Last week someone on the chat was moaning about Perron’s slow start. He then went out and scored 4 goals in the next two games.
WHAT’S THE PLAN FOR ROBERT THOMAS?
QUESTION: What will the Blues do with Robert Thomas? Do you think they will send him back to juniors or let him sit in the press box when their forward health improves.
JT: I find it hard to believe that Thomas will be sent back to juniors. The team really doesn’t want to do that.
… I think they need to play him. He’s going to gain nothing from another year in junior hockey. He hasn’t played nearly the minutes that Kyrou has so far, so it’s been more difficult for him to find his rhythm. But it would be easier to keep playing him if the Blues were winning more hockey games. And make no mistake, winning takes precedence over player development.
BREAKING DOWN THE BLUES’ BREAKDOWNS
COMMENT: Looks like the Blues’ issues are as simple as lapses in back-checking and defensemen getting caught too far up ice/reacting too slowly to change in possession. Has there been any discussion from the coaching staff on those issues?
JT: I’m sure there has. Yeo definitely has discussed it with us. The counter-attacks by other teams have been costly to the Blues, especially in that first Chicago game. We’ve seen a couple of breakaways following blocked shots (Anaheim, Chicago) — situations that are partly (bad) luck but also instances where someone on defense should have gotten back.
And don’t forget about net-front presence. The Blues are making it too easy for opponents to park in front of the net, for a variety of reasons.
Follow-up: The defensive woes seem to stem from the team being so aggressive on offense. The forwards are flying into the zone, and the D is always jumping into the play. This has caused multiple odd man rushes/breakaways. Is this a system change with Yeo trying to generate more offense, as the Blues’ lack of offense last year was so well noted?
JT: I think there’s a lot of truth to what you’re saying. The Blues have concentrated so much on goal scoring (and the power play) that maybe some of their defensive fundamentals have suffered in the process.
JAYBO TOO SLOW?
QUESTION: Jay Bouwmeester seems to really be struggling to begin the season. Any reason why Yeo keeps him on the top defensive pairing? Shouldn’t he be on the third?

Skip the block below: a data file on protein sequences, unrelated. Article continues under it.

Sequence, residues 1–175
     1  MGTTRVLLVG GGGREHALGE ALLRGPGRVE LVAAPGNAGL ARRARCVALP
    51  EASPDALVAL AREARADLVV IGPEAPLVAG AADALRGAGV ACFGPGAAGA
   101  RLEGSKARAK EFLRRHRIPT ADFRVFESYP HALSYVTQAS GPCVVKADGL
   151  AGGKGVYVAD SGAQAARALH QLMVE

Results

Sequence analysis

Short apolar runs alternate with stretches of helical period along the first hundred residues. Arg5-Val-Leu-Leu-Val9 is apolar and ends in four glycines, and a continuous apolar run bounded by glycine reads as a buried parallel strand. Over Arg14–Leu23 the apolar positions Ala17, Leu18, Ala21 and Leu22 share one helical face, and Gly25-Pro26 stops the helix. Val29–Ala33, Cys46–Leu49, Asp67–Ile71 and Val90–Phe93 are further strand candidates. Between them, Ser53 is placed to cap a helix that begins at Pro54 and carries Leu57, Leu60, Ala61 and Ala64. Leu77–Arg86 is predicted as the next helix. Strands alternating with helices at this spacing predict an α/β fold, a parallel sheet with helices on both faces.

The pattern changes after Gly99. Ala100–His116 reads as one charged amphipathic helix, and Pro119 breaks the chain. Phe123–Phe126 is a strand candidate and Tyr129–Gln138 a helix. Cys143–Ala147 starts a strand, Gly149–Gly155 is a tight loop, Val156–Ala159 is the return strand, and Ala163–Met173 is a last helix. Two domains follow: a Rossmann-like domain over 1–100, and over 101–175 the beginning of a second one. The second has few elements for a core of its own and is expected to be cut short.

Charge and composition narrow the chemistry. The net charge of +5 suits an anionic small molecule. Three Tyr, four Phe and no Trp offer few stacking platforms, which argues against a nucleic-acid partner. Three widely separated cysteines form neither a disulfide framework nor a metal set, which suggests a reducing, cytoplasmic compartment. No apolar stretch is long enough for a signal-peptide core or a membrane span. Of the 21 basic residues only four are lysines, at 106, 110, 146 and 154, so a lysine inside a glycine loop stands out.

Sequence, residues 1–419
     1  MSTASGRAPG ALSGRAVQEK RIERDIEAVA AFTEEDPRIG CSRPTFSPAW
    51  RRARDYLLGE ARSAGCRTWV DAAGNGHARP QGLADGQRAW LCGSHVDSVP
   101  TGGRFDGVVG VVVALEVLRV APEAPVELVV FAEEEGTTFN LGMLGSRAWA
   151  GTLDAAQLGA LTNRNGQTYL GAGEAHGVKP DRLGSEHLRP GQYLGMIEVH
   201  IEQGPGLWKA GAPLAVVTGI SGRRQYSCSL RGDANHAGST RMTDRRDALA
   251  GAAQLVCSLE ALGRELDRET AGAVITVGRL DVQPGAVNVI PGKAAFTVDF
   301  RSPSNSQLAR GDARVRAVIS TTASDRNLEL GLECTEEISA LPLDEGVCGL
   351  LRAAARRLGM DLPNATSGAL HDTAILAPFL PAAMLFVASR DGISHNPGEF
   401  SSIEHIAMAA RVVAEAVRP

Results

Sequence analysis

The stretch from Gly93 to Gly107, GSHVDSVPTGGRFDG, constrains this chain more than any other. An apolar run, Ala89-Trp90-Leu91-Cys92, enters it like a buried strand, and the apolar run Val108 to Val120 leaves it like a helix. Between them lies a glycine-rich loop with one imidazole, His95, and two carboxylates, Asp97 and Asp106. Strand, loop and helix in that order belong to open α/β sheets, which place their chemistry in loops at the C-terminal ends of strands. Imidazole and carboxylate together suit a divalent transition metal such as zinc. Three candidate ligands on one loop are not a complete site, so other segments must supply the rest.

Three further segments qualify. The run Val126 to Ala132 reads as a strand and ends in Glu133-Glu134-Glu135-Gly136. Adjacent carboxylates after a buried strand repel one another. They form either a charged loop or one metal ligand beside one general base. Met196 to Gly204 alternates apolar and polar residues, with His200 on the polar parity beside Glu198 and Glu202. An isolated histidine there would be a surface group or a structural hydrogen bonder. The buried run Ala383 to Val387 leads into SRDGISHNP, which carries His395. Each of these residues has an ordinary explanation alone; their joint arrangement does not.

JT: I still think Bouwmeester has been effective on the penalty kill, but there are times he looks slow in 5-on-5 play.
Follow-up: Should the Blues try to get something for Bouwmeester and Gunnarsson, and make room for some of their defensive prospects?
JT: Sounds logical, but not sure that either player would fetch much. Bouwmeester is 35, and Gunnarsson is coming off a knee injury (and isn’t expected to play until November).
Follow-up: “JayBo” looks like he has lost another step from his already slow speed last year. Petro is playing awful with him, and Dunn is slumping. When Edmundson was out, they really struggled. If Gunnarsson is not the answer, they are in trouble.
JT: I don’t know what to tell you about Bouwmeester — he still may not be 100 percent after the hip surgery, but he played pretty well in the preseason.
BETTER HOCKEY THROUGH CHEMISTRY?
QUESTION: I’m a firm believer that chemistry takes a while to kick in, but during training camp, the players said they were ready for the season after a couple of preseason games. If they were ready, then why the disarray?
JT: I think what you’re referring to is veteran players saying that, physically, they were personally ready to play after 2 or 3 games. Playing together as a unit is a different matter.
Saying that, though, I think we’re reaching the expiration point on citing team chemistry as an issue.
COULD BLUES LEARN A LESSON FROM VEGAS?
COMMENT: We keep hearing the same tired excuse: ‘We’re not used to playing together.’ That’s bull. Look at the Vegas Golden Knights last year: no one had played together, but they went to the Cup finals. We’re tired of 50-plus years of excuses
JT: I think you’re making an apples and oranges argument here. The Knights had a chip on their shoulders as a team composed of players no one else wanted — they called themselves the Misfits remember? That was a rallying cry and a bonding thing for the team from Day 1. They all stepped onto the team and the team systems from Day 1 as well, all learning it from scratch. Not players who had played in the system for a year-plus, and others who were just stepping in like the Blues.
They also rallied behind the tragedy in Vegas before the start of the season. And I believe what they accomplished was a hockey miracle that won’t be repeated for a long, long time.
HOW DOES FABBRI LOOK?
QUESTION: How did Robby Fabbri look when he returned to practice with the team?
JT: Well, he’s practicing but still wearing the yellow “no-contact” jersey. He looks good out there, but the question is can he hold up if he’s playing multiple games? Remember, the Blues say the knee is fine; it’s the compensating — or overcompensating — that has led to the various tweaks and strains Fabbri experienced in preseason.